By Matt Egan, CNN Business
The US economy is heading into 2022 with serious momentum.
The hope is this rapid expansion continues in 2022, allowing the country to heal most of the economic wounds caused by the health crisis. The jobs market could return to full employment by the end of 2022. And red-hot inflation is expected to finally cool off, moving towards healthier levels.
And yet, the past two years have shown how unforeseen events can alter forecasts, sometimes dramatically.
For all its recent strength, the economy’s recovery faces multiple risks in 2022, starting with the force that continues to dominate daily life: Covid.
Covid doesn’t go away
The hope is that Omicron is spreading so rapidly that it burns itself out, making its impact short-lived. But what if this latest wave sticks around long enough that it puts a dent in consumer demand — especially in Covid-sensitive sectors like travel and restaurants?
“The pandemic remains the single largest potential disruptor of the domestic and global economy,” said Joe Brusuelas, chief economist at RSM.
The bigger risk is that an even more menacing variant emerges, with more severe symptoms and the danger that it evades vaccines and booster shots.
Wall Street appears to be unfazed by both these risks, at least not lately. Record highs in the stock market suggest investors are betting neither Omicron nor another variant will prove problematic.
“I hope they’re right,” said David Kotok, chief investment officer at Cumberland Advisors. “This is a mutating disease. We’ve now had two years of experience. What makes anyone believe Omicron is the last one?”
Supply chains stay scrambled
Omicron arrived just as stressed-out supply chains — one of the biggest drivers of inflation — were beginning to show glimmers of hope.
The Delta variant earlier this year piled additional pressure on supply chains by getting workers sick, making them scared to go to work and introducing new health restrictions.
It’s too soon to say whether the same will happen now at the factories, ports and trucking companies that keep the economy humming.
“It is possible that Omicron disrupts supply chains even more and will be a drag on growth and investment,” said Vincent Reinhart, a former Federal Reserve official who is now chief economist at BNY Mellon.
The good news is the Omicron wave is hitting at a time when demand typically cools off, which should give supply chains a bit of extra breathing room to deal with the new variant.
Inflation stays hot
Consumer prices rose in November at the fastest pace in 39 years, driving up the cost of living for families. Goldman Sachs expects inflation will heat up a bit further in the coming months, before cooling off considerably later in 2022.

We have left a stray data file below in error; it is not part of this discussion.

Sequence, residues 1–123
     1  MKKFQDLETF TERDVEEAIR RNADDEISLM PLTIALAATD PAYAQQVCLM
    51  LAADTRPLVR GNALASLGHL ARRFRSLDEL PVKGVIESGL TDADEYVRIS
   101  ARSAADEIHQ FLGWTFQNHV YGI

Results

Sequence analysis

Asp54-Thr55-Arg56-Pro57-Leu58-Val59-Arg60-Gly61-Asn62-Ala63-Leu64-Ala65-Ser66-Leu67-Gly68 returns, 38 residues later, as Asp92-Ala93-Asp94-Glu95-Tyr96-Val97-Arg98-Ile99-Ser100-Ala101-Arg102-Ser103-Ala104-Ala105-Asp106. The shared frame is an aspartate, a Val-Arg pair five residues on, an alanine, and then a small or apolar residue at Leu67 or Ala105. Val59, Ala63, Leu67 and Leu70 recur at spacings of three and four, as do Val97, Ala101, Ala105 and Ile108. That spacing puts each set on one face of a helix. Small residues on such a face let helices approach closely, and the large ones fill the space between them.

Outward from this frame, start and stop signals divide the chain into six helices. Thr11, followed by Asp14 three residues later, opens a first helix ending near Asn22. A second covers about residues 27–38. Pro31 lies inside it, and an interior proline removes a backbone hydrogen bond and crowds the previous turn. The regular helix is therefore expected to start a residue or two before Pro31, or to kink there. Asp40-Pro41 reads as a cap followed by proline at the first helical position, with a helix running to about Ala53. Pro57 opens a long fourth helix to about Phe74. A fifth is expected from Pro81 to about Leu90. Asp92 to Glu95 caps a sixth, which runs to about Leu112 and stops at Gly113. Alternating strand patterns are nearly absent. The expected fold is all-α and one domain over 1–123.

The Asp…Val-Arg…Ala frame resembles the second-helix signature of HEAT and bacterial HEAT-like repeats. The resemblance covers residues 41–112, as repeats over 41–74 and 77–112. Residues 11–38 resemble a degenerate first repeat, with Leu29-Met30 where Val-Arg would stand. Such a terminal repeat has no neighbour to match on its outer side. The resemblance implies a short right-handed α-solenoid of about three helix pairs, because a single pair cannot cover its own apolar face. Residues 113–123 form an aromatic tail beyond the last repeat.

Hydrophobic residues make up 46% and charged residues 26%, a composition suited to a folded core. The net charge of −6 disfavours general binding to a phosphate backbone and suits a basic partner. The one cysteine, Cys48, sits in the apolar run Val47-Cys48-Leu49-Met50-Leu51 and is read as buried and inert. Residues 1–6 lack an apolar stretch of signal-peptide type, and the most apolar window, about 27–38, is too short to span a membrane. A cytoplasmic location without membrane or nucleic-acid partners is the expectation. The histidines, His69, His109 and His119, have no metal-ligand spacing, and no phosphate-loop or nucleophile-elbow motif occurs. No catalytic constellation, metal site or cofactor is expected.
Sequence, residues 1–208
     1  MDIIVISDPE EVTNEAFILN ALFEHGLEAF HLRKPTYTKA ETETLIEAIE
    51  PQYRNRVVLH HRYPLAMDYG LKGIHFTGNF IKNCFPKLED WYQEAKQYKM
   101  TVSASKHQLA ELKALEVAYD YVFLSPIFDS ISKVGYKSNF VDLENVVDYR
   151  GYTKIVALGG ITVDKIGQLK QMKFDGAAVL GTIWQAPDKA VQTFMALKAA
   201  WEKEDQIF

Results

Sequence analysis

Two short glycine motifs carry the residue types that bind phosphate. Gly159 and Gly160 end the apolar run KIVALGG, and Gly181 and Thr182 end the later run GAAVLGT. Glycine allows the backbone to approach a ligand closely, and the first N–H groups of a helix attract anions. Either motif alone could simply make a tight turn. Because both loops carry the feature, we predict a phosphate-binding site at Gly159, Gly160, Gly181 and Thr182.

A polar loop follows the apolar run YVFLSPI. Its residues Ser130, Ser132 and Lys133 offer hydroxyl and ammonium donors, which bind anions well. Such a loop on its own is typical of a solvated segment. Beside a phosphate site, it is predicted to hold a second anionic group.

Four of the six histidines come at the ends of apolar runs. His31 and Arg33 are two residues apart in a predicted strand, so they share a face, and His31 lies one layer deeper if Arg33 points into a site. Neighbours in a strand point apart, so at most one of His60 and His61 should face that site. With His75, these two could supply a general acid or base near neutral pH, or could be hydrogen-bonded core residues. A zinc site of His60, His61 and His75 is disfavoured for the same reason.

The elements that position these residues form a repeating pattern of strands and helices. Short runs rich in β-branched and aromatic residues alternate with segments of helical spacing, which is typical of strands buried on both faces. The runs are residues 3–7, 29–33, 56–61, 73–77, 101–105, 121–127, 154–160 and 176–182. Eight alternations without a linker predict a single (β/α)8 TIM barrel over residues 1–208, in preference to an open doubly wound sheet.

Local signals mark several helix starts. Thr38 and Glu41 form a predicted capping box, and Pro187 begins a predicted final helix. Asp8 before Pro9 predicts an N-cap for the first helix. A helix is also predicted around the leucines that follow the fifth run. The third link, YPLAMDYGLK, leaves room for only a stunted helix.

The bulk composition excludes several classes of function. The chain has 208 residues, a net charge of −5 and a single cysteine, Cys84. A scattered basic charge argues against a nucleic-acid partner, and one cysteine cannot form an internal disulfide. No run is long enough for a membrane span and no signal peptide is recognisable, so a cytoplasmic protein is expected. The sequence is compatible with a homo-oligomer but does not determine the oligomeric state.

One risk is that new Covid-related bottlenecks limit supply, lifting prices even higher. Another concern is that inflation continues to spread and gets further ingrained in the psychology of consumers and business owners, which in turn could cause a negative feedback loop that drives inflation higher.
High energy prices have been at the heart of the inflation spike, most notably prices at the pump. Another spike in oil prices, as some on Wall Street have been calling for, would darken the inflation picture.
A Fed policy mistake
After nearly two years of unprecedented support, the Federal Reserve is finally taking its foot off the gas pedal — and preparing to tap the brakes very soon.
In a bid to fight inflation, the Fed is planning to end its bond-buying stimulus program around March and has penciled in three interest rate hikes for next year.
Given the strength of the recovery, the economy should be able to absorb those rate hikes without negative repercussions. Borrowing costs will remain historically low.
“My sense is the economy is in a pretty good place right now. The Fed has a lot of bandwidth to work with,” said RSM’s Brusuelas.
Investors tend to agree, with markets signaling confidence that the Fed will deftly exit emergency mode without harmful side effects.
But there is a chance the Fed overdoes it by raising rates faster than the economy, or financial markets, can stomach. And that could severely slow down or even end the recovery.
No more help from Uncle Sam
After providing nearly $6 trillion in Covid relief during the first two years of the pandemic, federal support for the economy is projected to slow sharply in 2022.
“We are going to run an experiment on how much of this robust expansion is due to fiscal support and how much from private activity,” said Reinhart. “We don’t know.”
Any list of risks to the economy must include wild card events that few expect but could still have a big impact.
The best example would be a massive cyberattack that sets off turmoil, either in the real economy or in financial markets, or both.
The hacking of the Colonial Pipeline earlier this year showed just how vulnerable critical infrastructure is to the cyber threat. A recent report from the JPMorgan International Council warned that cyber is the “most dangerous weapon in the world, politically, economically and militarily.”
Fed Chairman Jerome Powell openly worried earlier this month about the potential impact from a cyber intrusion that could take down down a big bank or a key cog in the financial system.
There are countless other wildcard risks beyond cyber, everything from a war and a natural disaster to a crash in the crypto market.
“You’ve got to be humble. Almost nobody had a pandemic on the radar screen in 2018 and maybe not 2019,” Reinhart said. “Is it possible in 12 months that all we will talk about is something we are not talking about now? Yes.”
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